I spent my morning at the cemetery. It’s been half a year. What is time, anyway? Here, on this side of the door we all dread, and are all fascinated with, time is precious. It’s tangible. We all run to finish things we need to do, making plans for the day – don’t forget this, remember to do that. But there, on the other side, is there a concept of time? Evidently, it should exist, at least for the first year. Why else the prescribed time for mourning?
Half a year since I am davening Mincha every workday, and Shacharit every Shabbat to say kaddish for my father, Shimon ben Nachum of blessed memory. I do not know what, if anything, my saying it does for my father’s soul. I just believe and hope it does something good. I don’t know. I know there is a Gd. I don’t believe it, I know. I’ve had enough proofs in my own life and seen things in the lives of others to know. With kaddish, I don’t know. I just hope.
Somehow, my dad, who was never observant, and just lately spoke of his observant grandparents, brought me closer to the part of my life that was the hardest for me – prayer. When I stand behind the mechitza, the only woman in the shul, I feel connected. In my isolation, I feel bound to my people and to my dad. Every time I open my mouth to say – “May His great Name grow exalted and sanctified”, I ask myself – who am I to dare utter Almighty’s praise? What kind of a speck of dust can think that it is close to the Source of all living? And yet – somehow I know that this “consuming fire” (כִּי יְהוָה אֱלֹהֶיךָ, אֵשׁ אֹכְלָה הוּא: אֵל, קַנָּא – For the LORD thy God is a devouring fire, a jealous God – Deuteronomy 4:24) is not going to consume me right this moment. Not now. I am too close looking at it , so I am saved so far. It’s when I turn away, It may run after me burning me. Not yet.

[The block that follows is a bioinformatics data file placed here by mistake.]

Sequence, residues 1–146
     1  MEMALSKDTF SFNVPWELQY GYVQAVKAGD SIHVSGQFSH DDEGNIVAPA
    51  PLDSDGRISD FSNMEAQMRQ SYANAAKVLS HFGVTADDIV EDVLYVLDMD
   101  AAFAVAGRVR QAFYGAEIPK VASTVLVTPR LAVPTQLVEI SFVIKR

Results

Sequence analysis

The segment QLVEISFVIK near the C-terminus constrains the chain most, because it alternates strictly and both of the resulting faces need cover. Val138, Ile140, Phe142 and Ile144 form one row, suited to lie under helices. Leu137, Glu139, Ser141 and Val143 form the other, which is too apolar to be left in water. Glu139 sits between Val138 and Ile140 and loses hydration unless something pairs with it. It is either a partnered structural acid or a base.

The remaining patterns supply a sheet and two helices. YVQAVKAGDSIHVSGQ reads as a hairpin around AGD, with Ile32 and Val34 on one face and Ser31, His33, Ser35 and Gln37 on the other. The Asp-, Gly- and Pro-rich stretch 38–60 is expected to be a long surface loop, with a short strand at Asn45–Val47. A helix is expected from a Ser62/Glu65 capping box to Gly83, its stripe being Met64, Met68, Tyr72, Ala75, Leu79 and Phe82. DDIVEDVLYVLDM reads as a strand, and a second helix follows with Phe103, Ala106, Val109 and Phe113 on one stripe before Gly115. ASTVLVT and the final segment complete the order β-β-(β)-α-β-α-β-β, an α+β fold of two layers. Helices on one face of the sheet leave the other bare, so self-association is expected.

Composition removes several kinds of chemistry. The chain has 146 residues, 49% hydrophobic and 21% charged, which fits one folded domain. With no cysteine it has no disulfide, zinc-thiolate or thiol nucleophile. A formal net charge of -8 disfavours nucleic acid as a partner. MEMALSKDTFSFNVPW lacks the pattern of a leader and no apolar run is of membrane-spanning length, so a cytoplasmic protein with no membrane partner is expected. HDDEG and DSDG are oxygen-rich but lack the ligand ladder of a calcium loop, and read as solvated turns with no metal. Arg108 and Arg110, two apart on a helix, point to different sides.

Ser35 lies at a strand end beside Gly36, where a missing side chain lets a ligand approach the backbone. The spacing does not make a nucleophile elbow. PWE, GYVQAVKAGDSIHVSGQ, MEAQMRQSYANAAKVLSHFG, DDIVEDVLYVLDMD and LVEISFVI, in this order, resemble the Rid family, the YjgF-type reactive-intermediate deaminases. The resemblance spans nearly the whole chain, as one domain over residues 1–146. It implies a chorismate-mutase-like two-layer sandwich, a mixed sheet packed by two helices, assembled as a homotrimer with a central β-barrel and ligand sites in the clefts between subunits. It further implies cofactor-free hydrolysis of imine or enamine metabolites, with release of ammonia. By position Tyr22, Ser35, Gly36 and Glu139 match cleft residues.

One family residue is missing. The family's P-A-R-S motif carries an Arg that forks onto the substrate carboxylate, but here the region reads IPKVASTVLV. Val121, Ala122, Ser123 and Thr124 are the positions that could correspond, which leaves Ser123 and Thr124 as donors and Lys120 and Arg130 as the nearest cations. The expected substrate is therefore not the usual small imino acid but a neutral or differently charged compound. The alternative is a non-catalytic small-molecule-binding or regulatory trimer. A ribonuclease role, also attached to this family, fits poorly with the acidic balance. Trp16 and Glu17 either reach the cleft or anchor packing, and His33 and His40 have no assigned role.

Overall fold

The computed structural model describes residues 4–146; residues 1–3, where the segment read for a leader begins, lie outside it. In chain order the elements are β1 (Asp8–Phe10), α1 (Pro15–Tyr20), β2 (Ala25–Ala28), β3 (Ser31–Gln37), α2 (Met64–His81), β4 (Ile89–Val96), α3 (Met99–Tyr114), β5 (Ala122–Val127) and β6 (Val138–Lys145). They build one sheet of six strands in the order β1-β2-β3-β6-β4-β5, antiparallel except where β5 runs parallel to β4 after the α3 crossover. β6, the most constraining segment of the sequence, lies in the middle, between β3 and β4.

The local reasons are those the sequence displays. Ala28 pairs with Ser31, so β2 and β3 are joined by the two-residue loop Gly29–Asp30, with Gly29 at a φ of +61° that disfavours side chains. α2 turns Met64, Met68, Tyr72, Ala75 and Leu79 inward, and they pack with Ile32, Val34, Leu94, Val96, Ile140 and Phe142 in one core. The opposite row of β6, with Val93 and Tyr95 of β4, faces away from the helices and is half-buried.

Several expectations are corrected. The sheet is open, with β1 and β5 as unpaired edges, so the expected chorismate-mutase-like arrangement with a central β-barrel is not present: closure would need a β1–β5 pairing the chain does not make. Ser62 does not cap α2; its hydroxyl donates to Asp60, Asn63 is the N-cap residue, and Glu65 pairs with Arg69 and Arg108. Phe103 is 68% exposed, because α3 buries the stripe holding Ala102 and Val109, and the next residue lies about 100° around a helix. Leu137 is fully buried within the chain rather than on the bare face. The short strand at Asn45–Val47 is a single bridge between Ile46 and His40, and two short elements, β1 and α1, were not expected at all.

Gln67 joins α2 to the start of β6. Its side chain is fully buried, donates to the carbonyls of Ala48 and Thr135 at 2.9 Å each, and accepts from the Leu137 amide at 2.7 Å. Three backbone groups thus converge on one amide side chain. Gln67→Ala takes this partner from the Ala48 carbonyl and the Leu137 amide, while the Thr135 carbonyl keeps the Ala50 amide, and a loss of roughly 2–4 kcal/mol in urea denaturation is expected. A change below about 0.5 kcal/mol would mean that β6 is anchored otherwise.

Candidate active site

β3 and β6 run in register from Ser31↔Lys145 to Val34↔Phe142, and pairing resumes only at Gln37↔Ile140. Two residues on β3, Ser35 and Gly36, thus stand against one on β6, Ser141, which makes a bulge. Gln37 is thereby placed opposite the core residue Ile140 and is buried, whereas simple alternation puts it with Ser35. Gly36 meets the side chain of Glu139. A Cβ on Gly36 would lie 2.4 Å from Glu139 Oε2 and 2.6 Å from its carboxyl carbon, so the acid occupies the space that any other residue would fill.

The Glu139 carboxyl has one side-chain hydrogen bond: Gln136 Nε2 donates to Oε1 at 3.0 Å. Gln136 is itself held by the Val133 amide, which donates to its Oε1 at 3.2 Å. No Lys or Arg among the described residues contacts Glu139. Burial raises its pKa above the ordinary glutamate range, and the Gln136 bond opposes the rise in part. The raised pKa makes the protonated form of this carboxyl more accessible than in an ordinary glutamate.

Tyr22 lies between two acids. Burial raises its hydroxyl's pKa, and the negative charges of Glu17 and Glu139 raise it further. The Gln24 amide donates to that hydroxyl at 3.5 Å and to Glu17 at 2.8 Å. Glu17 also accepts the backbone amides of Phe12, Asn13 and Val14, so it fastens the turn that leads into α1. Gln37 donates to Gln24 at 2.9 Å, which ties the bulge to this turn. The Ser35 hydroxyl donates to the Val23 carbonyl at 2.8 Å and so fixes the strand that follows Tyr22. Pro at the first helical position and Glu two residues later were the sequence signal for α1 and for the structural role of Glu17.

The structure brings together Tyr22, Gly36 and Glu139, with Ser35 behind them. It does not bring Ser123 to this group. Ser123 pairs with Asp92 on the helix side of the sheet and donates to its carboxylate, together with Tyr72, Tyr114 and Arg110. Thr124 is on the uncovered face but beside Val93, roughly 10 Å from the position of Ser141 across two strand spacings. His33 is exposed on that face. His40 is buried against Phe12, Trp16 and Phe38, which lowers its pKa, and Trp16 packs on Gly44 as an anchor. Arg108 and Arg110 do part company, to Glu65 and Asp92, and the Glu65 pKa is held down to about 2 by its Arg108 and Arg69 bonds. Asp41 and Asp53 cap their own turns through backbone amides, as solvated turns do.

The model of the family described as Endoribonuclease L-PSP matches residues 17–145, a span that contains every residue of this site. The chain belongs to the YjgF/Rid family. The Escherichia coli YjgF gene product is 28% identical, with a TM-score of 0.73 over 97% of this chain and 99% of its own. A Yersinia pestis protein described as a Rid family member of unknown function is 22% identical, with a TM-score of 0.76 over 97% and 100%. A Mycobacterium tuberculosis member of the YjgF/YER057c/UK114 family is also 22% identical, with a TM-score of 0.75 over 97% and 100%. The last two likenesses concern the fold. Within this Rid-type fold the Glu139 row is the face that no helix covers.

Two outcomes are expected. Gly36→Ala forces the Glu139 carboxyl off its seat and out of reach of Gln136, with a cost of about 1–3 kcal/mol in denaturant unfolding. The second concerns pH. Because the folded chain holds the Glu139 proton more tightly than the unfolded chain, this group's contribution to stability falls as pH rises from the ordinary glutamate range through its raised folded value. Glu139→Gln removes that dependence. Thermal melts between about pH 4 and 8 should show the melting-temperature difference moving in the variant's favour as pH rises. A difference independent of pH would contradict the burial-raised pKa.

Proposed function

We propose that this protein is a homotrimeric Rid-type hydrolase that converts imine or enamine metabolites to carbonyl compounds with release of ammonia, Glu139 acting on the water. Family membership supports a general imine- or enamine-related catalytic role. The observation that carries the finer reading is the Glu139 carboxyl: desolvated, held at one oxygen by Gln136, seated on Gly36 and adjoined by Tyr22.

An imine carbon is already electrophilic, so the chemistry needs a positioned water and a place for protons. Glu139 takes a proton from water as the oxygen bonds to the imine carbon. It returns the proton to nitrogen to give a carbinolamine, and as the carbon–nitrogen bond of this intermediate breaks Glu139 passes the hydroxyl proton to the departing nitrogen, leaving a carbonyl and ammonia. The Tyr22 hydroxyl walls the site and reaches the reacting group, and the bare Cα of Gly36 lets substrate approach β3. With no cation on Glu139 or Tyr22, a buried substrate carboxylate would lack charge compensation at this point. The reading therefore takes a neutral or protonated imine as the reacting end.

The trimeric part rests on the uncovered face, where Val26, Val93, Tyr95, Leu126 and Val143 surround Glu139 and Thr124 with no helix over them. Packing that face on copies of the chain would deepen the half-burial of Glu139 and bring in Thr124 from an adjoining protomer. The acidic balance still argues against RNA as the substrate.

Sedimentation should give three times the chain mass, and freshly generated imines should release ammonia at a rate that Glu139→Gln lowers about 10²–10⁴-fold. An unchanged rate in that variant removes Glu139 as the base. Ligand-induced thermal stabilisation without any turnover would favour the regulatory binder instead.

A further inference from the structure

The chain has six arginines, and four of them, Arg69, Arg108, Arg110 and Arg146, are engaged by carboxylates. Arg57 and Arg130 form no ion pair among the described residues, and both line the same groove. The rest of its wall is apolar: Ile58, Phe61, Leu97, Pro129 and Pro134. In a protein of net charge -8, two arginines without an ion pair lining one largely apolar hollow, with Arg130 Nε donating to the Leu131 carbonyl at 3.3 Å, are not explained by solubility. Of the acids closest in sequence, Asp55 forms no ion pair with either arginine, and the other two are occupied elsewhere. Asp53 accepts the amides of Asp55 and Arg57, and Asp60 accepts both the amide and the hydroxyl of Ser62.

Most of the times I open this book and think about my dad, I see a fleeting sign of him somehow escaping me – his smile, his wink, his joke, his eyes – blue as the sky around the time of my birthday in June – blue to the last day of his life.
Half a year. I don’t know what will change for my dad’s soul after another 5 months. But I know what will change for me. I will miss it. As strange as it sounds, it feels that I will be longing to go to that shul, where the only sign of my existence is a smile of a man I don’t know, who happens to sit on the other side of the mechitza handing me a siddur just so that I don’t barge into the men’s territory where the siddurim are piled on the shelf. I don’t know anything about this guy except that he has glasses and a gray beard – not too rare a sight for a Jewish man, but I appreciate his effort, and I am not taking it for granted. I appreciate that the men running through prayers are teaching me to keep up. This tells me that compared to them, I still need to learn a lot. And I promise I will.
Sometimes I think how strange it is that getting older we (or is it just me) sometimes want to feel more like children than grown-ups. All I want today is to take a seat on my father’s lap and stroke his white hair. And all I could pray for – please Gd! Let my mother stay here healthy and strong for as long as it’s possible for You to keep her next to me. Is it not forever???!!!